Multifunctional foams and emulsions for subsurface applications




Singh, Robin, Ph. D.

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Foams and emulsions hold immense potential in assisting in the different stages of oil recovery processes such as enhanced oil recovery, drilling, and completion. This work is focused on developing robust, multifunctional foams or emulsions for subsurface applications, which offer unique advantages over conventional methods. The first half of the dissertation is focused on investigating novel foams stabilized using nanoparticles and/or surfactants to improve the gas enhanced oil recovery process. Gas flooding often has poor volumetric sweep efficiency due to viscous fingering, channeling, and gravity override. Foam is a promising tool to improve sweep efficiency in gas floods. It can reduce the mobility of gas by several orders of magnitude by increasing its apparent viscosity while keeping the liquid phase mobility unchanged.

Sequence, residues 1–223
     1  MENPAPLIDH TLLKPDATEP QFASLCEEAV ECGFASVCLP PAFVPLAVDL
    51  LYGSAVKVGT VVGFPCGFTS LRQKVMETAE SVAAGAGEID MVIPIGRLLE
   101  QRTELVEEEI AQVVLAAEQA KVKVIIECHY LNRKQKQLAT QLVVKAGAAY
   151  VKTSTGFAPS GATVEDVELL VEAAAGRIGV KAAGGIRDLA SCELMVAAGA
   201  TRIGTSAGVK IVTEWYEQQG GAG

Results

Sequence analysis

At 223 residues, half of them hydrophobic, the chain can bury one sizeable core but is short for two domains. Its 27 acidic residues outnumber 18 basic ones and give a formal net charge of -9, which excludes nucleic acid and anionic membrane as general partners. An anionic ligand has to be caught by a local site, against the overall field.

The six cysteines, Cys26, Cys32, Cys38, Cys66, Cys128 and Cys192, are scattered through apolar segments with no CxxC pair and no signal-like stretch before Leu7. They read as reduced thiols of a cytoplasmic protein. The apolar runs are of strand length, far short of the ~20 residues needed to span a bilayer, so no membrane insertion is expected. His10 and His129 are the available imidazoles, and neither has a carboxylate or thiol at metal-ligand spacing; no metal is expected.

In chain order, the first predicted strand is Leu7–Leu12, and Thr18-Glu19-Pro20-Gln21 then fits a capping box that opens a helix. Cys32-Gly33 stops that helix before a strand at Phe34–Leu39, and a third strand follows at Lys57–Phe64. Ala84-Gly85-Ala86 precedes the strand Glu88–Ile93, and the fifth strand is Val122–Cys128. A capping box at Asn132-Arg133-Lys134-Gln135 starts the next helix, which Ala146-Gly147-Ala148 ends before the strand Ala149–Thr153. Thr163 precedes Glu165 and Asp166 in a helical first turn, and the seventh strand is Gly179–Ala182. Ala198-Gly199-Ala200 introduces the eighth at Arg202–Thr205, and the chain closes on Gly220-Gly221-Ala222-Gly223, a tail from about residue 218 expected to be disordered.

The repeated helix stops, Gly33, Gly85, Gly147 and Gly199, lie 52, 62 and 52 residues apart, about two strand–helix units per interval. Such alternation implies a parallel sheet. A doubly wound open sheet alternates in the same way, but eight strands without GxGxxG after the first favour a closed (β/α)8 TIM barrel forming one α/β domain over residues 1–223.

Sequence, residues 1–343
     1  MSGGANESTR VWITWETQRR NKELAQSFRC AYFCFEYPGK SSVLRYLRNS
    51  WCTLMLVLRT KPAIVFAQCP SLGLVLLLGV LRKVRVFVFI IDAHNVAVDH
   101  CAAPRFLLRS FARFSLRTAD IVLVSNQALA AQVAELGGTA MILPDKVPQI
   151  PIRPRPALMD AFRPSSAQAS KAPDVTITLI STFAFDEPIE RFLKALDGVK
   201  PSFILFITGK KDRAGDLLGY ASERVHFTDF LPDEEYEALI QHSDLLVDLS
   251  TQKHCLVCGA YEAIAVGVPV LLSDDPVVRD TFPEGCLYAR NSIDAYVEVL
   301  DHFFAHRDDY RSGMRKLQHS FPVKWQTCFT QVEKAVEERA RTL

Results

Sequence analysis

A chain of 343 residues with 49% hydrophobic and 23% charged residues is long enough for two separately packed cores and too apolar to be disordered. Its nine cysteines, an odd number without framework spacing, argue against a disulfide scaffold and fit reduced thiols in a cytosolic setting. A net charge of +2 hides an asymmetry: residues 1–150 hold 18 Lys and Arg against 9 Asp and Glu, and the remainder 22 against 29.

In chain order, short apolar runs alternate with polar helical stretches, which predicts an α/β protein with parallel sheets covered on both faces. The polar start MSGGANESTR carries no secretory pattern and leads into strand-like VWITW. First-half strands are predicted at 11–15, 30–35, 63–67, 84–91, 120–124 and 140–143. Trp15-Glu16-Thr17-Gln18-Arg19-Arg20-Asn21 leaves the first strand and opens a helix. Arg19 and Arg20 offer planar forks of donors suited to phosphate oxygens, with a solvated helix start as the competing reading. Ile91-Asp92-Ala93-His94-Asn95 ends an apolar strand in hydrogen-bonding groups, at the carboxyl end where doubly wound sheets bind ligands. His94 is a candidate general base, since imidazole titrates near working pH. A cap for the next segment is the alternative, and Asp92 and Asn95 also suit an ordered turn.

For sandstone reservoirs, which are typically water-wet in nature, two different approaches of foam stabilization using nanoparticles were developed. In the first approach, synergistic stabilization of foams with a mixture of hydrophilic nanoparticles and an anionic surfactant was investigated. Foam stability experiments in bulk and porous media tests showed that adding hydrophilic nanoparticles to surfactant formulations increases the foam stability. Microscopy revealed that nanoparticles are trapped in lamellae as well as at the Gibbs-Plateau borders. These nanoparticles act as physical barriers and retard the liquid drainage and the Ostwald ripening process. To fundamentally understand the role of nanoparticles in altering the foam dynamics in porous media, a high-pressure visualization experiment was performed in a 2D layered, heterogeneous porous media. This experiment showed that immiscible foams can result in significant incremental oil recovery of 25% to 34% OOIP (over waterflood). In the second approach, foam stabilized using in-situ surface-activated nanoparticles without any surfactant was explored as an EOR agent. The surface chemistry of the hydrophilic nanoparticles was tailored by adsorption of a small amount of short-chain surface modifiers to obtain surface-modified nanoparticles (SM-NP). Foam stabilization using these SM-NP was compared with that using a conventional surfactant to evaluate the potential of these SM-NP to act as an effective foaming agent. Carbonate reservoirs, which are typically highly heterogeneous and oil-wet in nature, pose additional challenges for an effective foam EOR process. Crude oils are typically detrimental to foam stability. An oil-wet carbonate will have a thin oil film on the surface and thus foam lamellae stabilization is challenging. Therefore, wettability-alteration of rock matrix toward water-wet condition using a surfactant is required to favor the in-situ foam stability. This work demonstrated for the first time a synergistic approach of using foams with wettability-altering capabilities for oil-wet systems. It was shown that optimal surfactant formulations can not only alter the wettability of a carbonate core from oil-wet to water-wet conditions, but also can significantly increase the in-situ foam stability even in presence of crude oil. The second half of the dissertation is focused on developing novel microencapsulation techniques using the concept of water-in-air powders for subsurface applications. A facile, one-step method was reported to encapsulate micro- or nano-sized hydrophilic particles using silica nanoparticles. The encapsulated particles can be released based on an external stimulus, such as a change in pH of the external continuous phase. The use of this novel carrier system was demonstrated for the delayed release of PPG particles for conformance control. The application of this technology was then explored for microencapsulating highly concentrated acids (~10 wt.% HCl) for acid treatment of shales. The advantages of these novel acid-in-air powders over conventional acid-in-oil emulsions (which are typically used for shale acidization processes) were illustrated in terms of the thermal stability, corrosion inhibition efficiency, and shale surface reactivity.


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